Damien Hirst’s The Miraculous Journey, a set of 14 bronze monuments that depicts the transformation of a sperm cell and an egg cell into a human being, was unveiled in Doha’s Sidra Medical and Research Hospital, in Qatar back in 2013. Not long after, the works were covered up. Officials stated that the statues were put up for repairs, though there’s speculation that the real reason was that there’s a public outcry against the monuments. But recently, officials at Qatar have re-unveiled the statues.
Not To Please Everyone
The Qatar Foundation, which owns both the hospital and all the artworks displayed in it, said that they don’t expect everyone to appreciate them. Art Specialist Layla Ibrahim Bacha adds that they don’t expect everyone to understand the monuments and that they expected the statues to promote more people to talk about health-care issues.
She continues by saying that the statues reflect the hospital mission of providing health-care for both women and children and thinks that the hospital was the perfect location for the said work. The hospital is decorated with many art pieces, among which were works from both hi-profile local and foreign artists, including Hirst and Tracey Emin.
Ms Bacha explains that the works were not just meant to be decorative. They’re also there to foster debates while making the patients calm. Some artists are just happy that their artworks were chosen for the hospital’s display. Jaber al-Azmeh, one of the participating artists, for example, was delighted that his photographs get to be selected for the hospital. Others, like Hirst, hopes to amaze their intended audience while making it an atmosphere to let the debates happen.
Sheikha al Mayassa Hamad bin Khalifa al-Thani, the current head of the Qatar Museums Authority and the sister of the current Emir, was the person who commissioned the monuments from Hirst. She’s reported to control a budget of $1 billion annually on behalf of Qatar Museums. The statues are part of Qatar’s project to make the number of art publicly present in Doha grow. Said sculptures had a price tag of $20 million back in 2013.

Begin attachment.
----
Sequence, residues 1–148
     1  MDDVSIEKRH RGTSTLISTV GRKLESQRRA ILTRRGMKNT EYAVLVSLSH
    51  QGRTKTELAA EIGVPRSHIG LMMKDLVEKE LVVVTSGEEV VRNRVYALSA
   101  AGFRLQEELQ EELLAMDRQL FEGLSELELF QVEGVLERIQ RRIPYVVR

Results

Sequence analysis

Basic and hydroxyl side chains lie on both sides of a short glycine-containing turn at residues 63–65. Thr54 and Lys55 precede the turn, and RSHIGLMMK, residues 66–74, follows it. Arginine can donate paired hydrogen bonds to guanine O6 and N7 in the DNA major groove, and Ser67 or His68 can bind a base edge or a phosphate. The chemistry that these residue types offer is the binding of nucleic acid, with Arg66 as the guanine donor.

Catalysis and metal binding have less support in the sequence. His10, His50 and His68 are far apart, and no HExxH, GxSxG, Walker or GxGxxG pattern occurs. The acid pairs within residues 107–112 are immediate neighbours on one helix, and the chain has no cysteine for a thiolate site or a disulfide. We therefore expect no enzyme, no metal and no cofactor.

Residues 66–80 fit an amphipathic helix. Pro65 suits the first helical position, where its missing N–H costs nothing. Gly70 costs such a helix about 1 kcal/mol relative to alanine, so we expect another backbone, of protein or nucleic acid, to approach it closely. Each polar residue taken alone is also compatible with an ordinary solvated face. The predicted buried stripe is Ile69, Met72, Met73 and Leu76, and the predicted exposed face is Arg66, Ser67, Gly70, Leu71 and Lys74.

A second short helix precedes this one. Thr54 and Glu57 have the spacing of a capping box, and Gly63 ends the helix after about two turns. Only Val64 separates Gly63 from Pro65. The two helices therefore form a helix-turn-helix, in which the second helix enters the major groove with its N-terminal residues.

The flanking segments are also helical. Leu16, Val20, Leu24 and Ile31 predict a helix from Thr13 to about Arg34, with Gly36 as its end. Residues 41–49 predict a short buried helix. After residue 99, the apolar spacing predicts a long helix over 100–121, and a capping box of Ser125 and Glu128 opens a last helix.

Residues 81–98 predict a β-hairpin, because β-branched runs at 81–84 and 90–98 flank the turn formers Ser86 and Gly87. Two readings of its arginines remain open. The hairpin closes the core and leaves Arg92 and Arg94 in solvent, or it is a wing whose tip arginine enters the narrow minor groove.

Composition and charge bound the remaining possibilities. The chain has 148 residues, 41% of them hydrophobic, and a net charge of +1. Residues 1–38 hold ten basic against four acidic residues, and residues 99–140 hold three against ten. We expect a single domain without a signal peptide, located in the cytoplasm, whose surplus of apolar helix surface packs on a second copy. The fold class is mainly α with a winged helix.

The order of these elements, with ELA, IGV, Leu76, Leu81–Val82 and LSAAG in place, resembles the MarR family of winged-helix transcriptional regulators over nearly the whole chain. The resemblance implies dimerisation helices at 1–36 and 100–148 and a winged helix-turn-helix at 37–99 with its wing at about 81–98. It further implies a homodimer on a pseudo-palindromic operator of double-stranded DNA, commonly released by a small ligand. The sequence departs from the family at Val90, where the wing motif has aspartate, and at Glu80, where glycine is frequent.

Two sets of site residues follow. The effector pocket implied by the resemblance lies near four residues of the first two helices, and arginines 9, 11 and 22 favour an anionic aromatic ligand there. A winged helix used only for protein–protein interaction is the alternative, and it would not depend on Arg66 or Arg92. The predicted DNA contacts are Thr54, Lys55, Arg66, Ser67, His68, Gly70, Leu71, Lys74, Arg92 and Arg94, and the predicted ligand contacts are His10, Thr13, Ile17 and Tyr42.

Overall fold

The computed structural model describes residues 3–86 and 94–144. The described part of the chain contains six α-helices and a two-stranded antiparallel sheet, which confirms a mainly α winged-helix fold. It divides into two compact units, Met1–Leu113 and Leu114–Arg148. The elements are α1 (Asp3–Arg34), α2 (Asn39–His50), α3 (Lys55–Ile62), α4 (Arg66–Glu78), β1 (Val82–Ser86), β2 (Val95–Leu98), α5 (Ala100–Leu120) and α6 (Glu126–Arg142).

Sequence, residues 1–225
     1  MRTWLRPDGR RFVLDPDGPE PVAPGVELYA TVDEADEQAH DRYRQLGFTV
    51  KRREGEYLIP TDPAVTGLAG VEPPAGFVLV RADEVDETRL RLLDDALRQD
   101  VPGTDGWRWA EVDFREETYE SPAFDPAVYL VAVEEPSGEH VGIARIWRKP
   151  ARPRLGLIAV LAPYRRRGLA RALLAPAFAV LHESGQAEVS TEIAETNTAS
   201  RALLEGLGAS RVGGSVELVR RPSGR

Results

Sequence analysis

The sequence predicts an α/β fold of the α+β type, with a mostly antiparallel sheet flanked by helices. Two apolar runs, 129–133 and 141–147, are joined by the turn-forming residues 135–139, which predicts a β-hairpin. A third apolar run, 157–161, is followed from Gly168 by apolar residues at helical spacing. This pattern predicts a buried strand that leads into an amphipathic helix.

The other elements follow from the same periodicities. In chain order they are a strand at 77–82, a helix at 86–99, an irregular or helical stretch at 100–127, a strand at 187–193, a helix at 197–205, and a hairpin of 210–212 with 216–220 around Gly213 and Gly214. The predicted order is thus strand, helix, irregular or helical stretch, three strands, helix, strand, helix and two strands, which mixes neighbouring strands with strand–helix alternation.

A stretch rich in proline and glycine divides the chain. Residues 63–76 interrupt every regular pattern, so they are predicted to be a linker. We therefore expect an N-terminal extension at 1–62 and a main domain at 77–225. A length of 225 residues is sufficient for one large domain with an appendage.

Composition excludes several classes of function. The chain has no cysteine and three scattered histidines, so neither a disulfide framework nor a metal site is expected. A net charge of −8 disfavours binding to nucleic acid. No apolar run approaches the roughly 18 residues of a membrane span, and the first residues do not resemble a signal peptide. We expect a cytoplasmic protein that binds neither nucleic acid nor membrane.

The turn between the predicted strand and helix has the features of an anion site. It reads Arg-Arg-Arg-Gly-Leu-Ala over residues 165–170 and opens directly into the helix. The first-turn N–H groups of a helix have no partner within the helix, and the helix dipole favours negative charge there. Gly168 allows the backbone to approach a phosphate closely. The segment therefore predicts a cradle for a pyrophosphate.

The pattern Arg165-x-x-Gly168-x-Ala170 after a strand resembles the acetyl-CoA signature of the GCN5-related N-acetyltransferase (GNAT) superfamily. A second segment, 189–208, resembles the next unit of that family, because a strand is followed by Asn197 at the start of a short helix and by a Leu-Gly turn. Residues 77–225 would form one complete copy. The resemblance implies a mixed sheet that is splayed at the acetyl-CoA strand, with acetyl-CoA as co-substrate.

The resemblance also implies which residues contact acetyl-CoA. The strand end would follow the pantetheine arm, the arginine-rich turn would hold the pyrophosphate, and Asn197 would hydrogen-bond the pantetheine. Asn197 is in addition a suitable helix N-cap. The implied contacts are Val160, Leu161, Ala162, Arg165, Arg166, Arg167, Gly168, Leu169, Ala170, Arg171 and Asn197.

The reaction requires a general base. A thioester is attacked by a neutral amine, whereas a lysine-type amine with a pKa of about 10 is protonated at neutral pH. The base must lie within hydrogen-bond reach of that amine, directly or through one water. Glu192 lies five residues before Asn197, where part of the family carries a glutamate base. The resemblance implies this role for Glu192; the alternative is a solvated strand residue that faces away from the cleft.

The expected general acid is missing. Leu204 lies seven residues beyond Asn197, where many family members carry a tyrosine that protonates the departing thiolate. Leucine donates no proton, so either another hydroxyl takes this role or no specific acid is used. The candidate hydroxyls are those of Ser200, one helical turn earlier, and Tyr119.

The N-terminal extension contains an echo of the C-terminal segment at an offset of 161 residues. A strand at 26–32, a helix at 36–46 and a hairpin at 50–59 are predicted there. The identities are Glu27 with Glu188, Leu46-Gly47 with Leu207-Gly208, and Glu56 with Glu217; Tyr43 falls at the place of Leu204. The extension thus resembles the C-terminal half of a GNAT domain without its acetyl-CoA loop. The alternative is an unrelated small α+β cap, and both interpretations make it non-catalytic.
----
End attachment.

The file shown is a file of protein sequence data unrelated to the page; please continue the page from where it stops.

In an article by the New York Times, she said that having a lot more works that feature nudity is more daring than having the statues. In an interview in her office at the Museum of Islamic Art, she added that the Koran also describes the miracles of birth and that such works and discussion is not in violation of anything in the holy book.
Regardless, the statues were still covered up after a supposed social media outcry. It seems that the general public and the liberal rich of the Muslim countries don’t see eye-to-eye when it comes to what kind of art should and should not be allowed.
Art In Qatar
Artnet.com has published an article on their site saying that a spokesperson of Qatar Museums has stated that the public reaction to the statues has been “interesting” and that there was a massive amount of support for the sculptures. Echoing Ms Bacha’s sentiments, the spokesperson also pointed out that they were expecting criticism from some of the public and that the point of the statues was to encourage the public to have the discussions.
Qatar Museums assured that even if there’s another public outcry about the statues, they will remain in public view.
In recent years Qatar has become a significant client for contemporary works of art and is posturing themselves as the most liberal of the Muslim nations, rivaling Saudi Arabia, which bought the Salvador Mundi painting almost one year ago.
1st Image: The Miraculous Journey, via artnet.com
2nd Image: Sheikha al Mayassa Hamad bin Khalifa al-Thani, current Head of Qatar Museums, via scoopempire